Understanding and Choosing the Right Pressure Taps for Your Home Water System

Posted by ilker Duymaz on

water pressure guide

Choosing the right pressure taps for your water system is of paramount importance. If you install a tap that requires high pressure in a low-pressure system, it could lead to a reduced flow rate or subpar performance.

Not all taps or showers are suitable for every household

Some taps or showers function optimally even in low-pressure ('gravity') systems, while others necessitate a minimum water pressure (measured in 'Bar') to work correctly. Therefore, it's essential to understand the water pressure in your home and take this into account when selecting your bathroom fixtures.

Understanding Water Pressure

Water pressure denotes the force exerted by the water moving through your pipes. It's measured in bars, with 1 bar equating to the force required to elevate water up to a height of 10 metres. Every tap or shower has a specified minimum pressure rating, generally between 0.1 and 3 bar.

The Source of Water Pressure

Water enters your home via the cold mains under pressure, known as 'high pressure'. If you own a combi boiler, this device heats the water, maintaining most of its original pressure, thus ensuring good flow. If your home operates on a gravity system, the mains pressure dissipates, and your taps and showers receive pressure from the gravitational pull moving the water downwards from your water tank.

There are also other water systems apart from gravity and combi boiler systems. For instance, newer or larger houses often use an 'unvented', or 'megaflo' system. Here, the water is stored in a tank but in a pressurised environment, so it doesn't depend on gravity for motion.


Varieties of Central Heating Systems

The water pressure in your home and the type of tap and shower you can use largely hinge on the type of heating system installed.

Gravity Fed Heating Systems

A gravity system is a low-pressure system consisting of a cold water storage tank (typically situated in the loft) and a hot water cylinder. The pressure distributed throughout your home depends on the elevation of the cold storage tank relative to the tap locations in your house. Hence, in gravity systems, a 1 metre drop from the water tank usually corresponds to approximately 0.1 Bar of pressure.

Therefore, if your upstairs bathroom taps are around 2 metres below your tank, this results in a water pressure of 0.2 Bar, and if your kitchen taps are approximately 5 metres below your tank, they receive around 0.5 Bar of pressure.

water pressure guide

Tap & Shower Options:


If your home operates on a gravity system without a pump, it's likely you have 'low' water pressure, and should consider taps and showers with a 0.2 bar rating or less. Remember that even with suitable taps, the pressure generated has limits, so the water flow (litres per minute) is finite. If you're expecting a 'good' shower, you may be let down.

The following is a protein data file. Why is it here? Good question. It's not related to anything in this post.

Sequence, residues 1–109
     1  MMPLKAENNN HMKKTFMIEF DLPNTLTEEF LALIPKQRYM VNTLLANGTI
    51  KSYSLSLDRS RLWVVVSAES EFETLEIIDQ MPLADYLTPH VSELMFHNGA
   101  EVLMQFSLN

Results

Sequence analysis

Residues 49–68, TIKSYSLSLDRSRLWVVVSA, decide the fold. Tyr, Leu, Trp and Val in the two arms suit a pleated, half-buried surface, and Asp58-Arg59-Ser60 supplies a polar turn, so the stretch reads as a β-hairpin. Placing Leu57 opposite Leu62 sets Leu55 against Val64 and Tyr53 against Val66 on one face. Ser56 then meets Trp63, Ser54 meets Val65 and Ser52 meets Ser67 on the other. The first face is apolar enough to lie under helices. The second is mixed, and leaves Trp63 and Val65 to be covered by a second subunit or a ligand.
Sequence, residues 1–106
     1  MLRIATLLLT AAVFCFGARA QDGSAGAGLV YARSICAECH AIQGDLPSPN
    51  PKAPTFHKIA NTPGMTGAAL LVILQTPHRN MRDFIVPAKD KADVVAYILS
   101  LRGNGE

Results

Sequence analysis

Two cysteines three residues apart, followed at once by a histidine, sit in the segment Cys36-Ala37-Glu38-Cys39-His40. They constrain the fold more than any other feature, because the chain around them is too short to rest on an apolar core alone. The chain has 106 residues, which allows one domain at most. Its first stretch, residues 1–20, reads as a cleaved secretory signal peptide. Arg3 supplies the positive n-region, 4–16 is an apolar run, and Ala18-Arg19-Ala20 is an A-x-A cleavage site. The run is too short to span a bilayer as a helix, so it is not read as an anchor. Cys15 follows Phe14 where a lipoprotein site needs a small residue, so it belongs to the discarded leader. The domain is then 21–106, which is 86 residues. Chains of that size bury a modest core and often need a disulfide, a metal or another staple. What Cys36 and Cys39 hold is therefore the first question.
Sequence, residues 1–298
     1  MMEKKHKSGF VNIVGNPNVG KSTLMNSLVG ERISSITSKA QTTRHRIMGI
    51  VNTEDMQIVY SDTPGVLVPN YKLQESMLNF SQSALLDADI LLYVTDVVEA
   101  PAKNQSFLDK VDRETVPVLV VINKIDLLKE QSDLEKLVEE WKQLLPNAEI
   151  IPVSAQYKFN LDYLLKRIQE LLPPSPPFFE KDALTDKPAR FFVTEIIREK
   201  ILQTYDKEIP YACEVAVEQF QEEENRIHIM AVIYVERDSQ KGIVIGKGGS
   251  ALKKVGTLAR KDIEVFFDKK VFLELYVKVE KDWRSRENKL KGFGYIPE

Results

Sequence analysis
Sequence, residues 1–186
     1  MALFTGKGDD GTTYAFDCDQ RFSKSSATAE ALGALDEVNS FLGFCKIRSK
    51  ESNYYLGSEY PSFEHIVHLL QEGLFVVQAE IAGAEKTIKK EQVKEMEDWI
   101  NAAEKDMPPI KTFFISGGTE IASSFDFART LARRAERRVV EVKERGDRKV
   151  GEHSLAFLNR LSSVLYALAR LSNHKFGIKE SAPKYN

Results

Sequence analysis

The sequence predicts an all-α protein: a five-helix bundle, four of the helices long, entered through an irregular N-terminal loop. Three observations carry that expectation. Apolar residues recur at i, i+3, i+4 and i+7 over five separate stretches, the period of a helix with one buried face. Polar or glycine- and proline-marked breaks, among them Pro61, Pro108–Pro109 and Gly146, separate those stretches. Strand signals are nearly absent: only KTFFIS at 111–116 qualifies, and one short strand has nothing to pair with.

For a few hundred pounds, you could add a pump, expanding your choices when picking your taps.

Browse Low Pressure Taps Combi-Boiler

A combi boiler is usually installed at the point where the pressurised cold mains water enters your property, often in the kitchen. It controls both your hot and cold water supplies as well as your central heating, hence the name ‘combination’.

The combi boiler heats cold water directly from the mains supply as it's needed when the hot tap is switched on. As the water supply is from the mains and at mains pressure, your water will have high pressure and be suitable for a majority of high-pressure taps provided your combi boiler is fairly efficient. Pressures may differ between boilers, but the typical pressure expectation from a combi boiler is somewhere between 1 and 2 Bar.

Tap & Shower Options

If you have a combi boiler, especially a relatively recent one, it likely has a display showing the water pressure you're receiving. Generally, this is around 1-1.5 bar, although it can sometimes be higher. Most taps and showers can work with this level of pressure.


Unvented Water System

An unvented water system (also known as a Megaflo system) fills a primary cylinder with cold water directly from the mains. Unlike a traditional gravity system, an unvented system doesn't need additional storage tanks and instead offers a more straightforward solution.

The water in the main cylinder remains constantly pressurised due to the incoming mains water and is then heated indirectly from an external source like a boiler, solar panel, oil, or electricity.


If your home has an unvented water system, you have a wide range of options for taps, showers, and accessories including body jets, large rain heads, and simultaneous operation of 2 or 3 outlets.

Please remember that this is just a guide. Numerous other factors, such as the direction and curvature of the pipework or the size of the pipes, can influence water pressure.

If you're uncertain about your home's water pressure, it's best to consult your plumber before purchasing any fixtures. A plumber can use a pressure gauge tool to determine your home's exact water pressure, giving you a clearer idea of suitable taps.

For instance, if you install a high-pressure bath filler in a low-pressure system, it could take a long time to fill the bath, and as the water continually cools, you'd need to use more hot water to compensate. At Ultra Bathroom, all our bathroom taps have clearly labelled minimum pressures in the item specification tab.


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